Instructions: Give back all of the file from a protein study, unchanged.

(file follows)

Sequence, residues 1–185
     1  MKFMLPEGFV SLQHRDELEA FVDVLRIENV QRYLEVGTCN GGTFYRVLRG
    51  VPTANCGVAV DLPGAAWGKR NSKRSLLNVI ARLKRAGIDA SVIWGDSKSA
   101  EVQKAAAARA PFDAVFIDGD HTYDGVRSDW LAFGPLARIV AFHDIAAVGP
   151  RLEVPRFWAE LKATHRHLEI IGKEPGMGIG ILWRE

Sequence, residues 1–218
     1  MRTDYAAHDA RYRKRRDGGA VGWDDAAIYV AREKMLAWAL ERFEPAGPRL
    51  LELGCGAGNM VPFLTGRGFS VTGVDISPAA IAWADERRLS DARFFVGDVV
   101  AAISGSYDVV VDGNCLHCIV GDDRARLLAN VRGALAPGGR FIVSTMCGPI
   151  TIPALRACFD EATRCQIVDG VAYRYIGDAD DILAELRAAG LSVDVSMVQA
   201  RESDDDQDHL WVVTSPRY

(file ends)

Sequence, residues 1–185
     1  MKFMLPEGFV SLQHRDELEA FVDVLRIENV QRYLEVGTCN GGTFYRVLRG
    51  VPTANCGVAV DLPGAAWGKR NSKRSLLNVI ARLKRAGIDA SVIWGDSKSA
   101  EVQKAAAARA PFDAVFIDGD HTYDGVRSDW LAFGPLARIV AFHDIAAVGP
   151  RLEVPRFWAE LKATHRHLEI IGKEPGMGIG ILWRE

Sequence, residues 1–218
     1  MRTDYAAHDA RYRKRRDGGA VGWDDAAIYV AREKMLAWAL ERFEPAGPRL
    51  LELGCGAGNM VPFLTGRGFS VTGVDISPAA IAWADERRLS DARFFVGDVV
   101  AAISGSYDVV VDGNCLHCIV GDDRARLLAN VRGALAPGGR FIVSTMCGPI
   151  TIPALRACFD EATRCQIVDG VAYRYIGDAD DILAELRAAG LSVDVSMVQA
   201  RESDDDQDHL WVVTSPRY